Boyhood Island by Karl Ove Knausgaard

Boyhood IslandTranslated from the Norwegian by Don Bartlett, ‘Boyhood Island’ is the third instalment of Karl Ove Knausgaard’s ambitious six-book cycle of autobiographical novels known as ‘My Struggle’. Having explored some of Knausgaard’s later childhood in ‘A Death in the Family‘, the second volume ‘A Man in Love‘ jumped forward in time to concentrate on his experiences of fatherhood. As you may guess from the title, ‘Boyhood Island’ jumps back in time again to Knausgaard’s childhood.

‘Boyhood Island’ focuses almost entirely on Knausgaard’s early life in the 1970s primarily between the ages of approximately six and thirteen living with his parents and his brother Yngve on the small island of Tromøya off the southern coast of Norway. As ever, Knausgaard captures his childhood experiences very vividly in characteristically detailed prose. In particular, his relationship with his alcoholic father is explored further although, in many ways, he remains something of an enigma despite largely dominating the book.

I read ‘A Death in the Family’ and ‘A Man in Love’ quite close together early last year and while I enjoyed both volumes, I also thought they were both very intense, particularly the first book. While I had been expecting ‘Boyhood Island’ to be largely more of the same in terms of style – and much of it is – there are a few differences. There is noticeably less jumping backwards and forwards in time and even though the prose is virtually plotless moving from one anecdote to another, the narrative is less meandering compared with the two other volumes. Consequently, I also think this volume felt more “fictional”, whereas I was previously more conscious that Knausgaard was writing a very personal and heavily autobiographical account when reading the first two. I don’t know if Knausgaard did this deliberately or not, but I’m glad he didn’t maintain that level of emotional intensity on top of the sprawling prose.

‘A Death in the Family’ and ‘A Man in Love’ were longlisted and shortlisted respectively for the Independent Foreign Fiction Prize in 2013 and 2014. Knausgaard and translator Don Bartlett have now made it a hat-trick with ‘Boyhood Island’ which has also been longlisted for this year’s Prize. It is certainly the “quieter” and slightly less harrowing volume in the cycle so far and it’s possible that the lack of novelty may prevent it from progressing further to the shortlist. Moreover, while I found the marginally more conventional style of ‘Boyhood Island’ quite refreshing, I expect that reading it as an individual volume might be quite an underwhelming experience without the context of the other books in the cycle.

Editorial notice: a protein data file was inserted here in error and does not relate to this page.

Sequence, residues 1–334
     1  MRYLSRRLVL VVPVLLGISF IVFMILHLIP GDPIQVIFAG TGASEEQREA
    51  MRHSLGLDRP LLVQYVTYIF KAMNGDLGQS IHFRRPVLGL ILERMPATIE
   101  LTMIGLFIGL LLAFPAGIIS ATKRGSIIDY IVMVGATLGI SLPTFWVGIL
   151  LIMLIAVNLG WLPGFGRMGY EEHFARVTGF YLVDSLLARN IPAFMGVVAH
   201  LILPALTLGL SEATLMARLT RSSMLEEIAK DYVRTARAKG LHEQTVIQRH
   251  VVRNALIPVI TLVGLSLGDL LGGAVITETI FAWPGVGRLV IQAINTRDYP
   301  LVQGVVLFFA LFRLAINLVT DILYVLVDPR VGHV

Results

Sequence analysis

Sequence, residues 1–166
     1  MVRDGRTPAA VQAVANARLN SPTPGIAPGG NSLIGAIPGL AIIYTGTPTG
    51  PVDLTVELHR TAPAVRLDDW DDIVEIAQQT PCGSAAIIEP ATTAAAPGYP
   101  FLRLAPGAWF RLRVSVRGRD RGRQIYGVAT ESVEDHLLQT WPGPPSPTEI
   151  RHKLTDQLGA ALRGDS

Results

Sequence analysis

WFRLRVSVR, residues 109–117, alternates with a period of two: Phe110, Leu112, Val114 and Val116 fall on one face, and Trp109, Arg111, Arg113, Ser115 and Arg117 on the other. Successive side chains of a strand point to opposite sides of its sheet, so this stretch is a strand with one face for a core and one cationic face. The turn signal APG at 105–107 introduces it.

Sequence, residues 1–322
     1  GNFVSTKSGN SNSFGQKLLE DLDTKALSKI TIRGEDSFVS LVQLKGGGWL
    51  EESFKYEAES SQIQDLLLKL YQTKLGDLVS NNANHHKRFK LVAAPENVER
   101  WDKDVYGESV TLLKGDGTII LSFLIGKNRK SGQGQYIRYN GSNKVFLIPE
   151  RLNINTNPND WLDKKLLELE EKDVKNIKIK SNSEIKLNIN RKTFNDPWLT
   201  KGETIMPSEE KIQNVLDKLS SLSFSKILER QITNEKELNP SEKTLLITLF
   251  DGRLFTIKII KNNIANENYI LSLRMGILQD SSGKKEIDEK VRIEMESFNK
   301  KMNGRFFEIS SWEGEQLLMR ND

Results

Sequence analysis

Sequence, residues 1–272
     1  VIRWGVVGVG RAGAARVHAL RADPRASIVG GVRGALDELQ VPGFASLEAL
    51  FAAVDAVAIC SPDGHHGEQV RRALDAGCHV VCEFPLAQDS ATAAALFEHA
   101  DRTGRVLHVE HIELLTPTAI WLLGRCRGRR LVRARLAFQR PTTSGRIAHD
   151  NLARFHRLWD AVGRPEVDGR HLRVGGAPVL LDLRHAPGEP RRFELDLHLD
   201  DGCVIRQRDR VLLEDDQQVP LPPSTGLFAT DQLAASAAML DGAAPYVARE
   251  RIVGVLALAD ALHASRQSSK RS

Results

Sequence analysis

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12 responses to “Boyhood Island by Karl Ove Knausgaard

  1. I am addicted to these and have Vol 4 lined up to read ….just as soon as I have the time to do so . I agree that I’m not sure that this would work as a ‘stand alone ‘. I can’t quite work out why I find them so hypnotising but certainly the quality of the translation must have something to do with that . An amazing tour de force by Don Bartlett.

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  2. JoV

    I have been wanting to get into the series so much, hindered by lack of time. I heard the third instalment seems to be less interesting but hearing what you said, I think I may lilke it just as much! If I get to vol 1 and Vol 2 rest assured I’ll read everything in the series!

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  3. My question is: how in the world do you manage to read all these books so quickly? Especially since some of them seem dense.

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    • It’s been a challenge as normally I only review one book a week! I have a long commute to work and took a holiday recently which helped 🙂 Most have been dense but relatively short in length – only a couple are more than 350 pages.

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  4. I did love the first book, but strangely not enough to read the others… I think just knowing that there are six in the series put me off. One of the guys in our Book Club got hugely into them through reading it together and had plans to read them all.

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  5. Pingback: The Independent Foreign Fiction Prize Shortlist 2015 | A Little Blog of Books

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